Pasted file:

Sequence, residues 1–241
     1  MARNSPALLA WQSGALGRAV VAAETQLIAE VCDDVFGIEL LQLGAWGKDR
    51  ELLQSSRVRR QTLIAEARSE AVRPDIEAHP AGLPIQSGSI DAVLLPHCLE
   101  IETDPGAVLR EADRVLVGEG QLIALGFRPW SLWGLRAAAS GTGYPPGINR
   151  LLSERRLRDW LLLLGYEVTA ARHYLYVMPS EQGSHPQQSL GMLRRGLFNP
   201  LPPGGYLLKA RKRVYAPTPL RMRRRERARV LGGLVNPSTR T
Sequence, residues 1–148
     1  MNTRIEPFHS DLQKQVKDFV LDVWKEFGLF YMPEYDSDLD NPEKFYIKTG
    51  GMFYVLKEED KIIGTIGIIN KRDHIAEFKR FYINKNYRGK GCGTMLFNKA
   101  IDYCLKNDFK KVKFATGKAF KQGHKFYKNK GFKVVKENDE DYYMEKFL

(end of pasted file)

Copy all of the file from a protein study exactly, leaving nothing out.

Sequence, residues 1–241
     1  MARNSPALLA WQSGALGRAV VAAETQLIAE VCDDVFGIEL LQLGAWGKDR
    51  ELLQSSRVRR QTLIAEARSE AVRPDIEAHP AGLPIQSGSI DAVLLPHCLE
   101  IETDPGAVLR EADRVLVGEG QLIALGFRPW SLWGLRAAAS GTGYPPGINR
   151  LLSERRLRDW LLLLGYEVTA ARHYLYVMPS EQGSHPQQSL GMLRRGLFNP
   201  LPPGGYLLKA RKRVYAPTPL RMRRRERARV LGGLVNPSTR T
Sequence, residues 1–148
     1  MNTRIEPFHS DLQKQVKDFV LDVWKEFGLF YMPEYDSDLD NPEKFYIKTG
    51  GMFYVLKEED KIIGTIGIIN KRDHIAEFKR FYINKNYRGK GCGTMLFNKA
   101  IDYCLKNDFK KVKFATGKAF KQGHKFYKNK GFKVVKENDE DYYMEKFL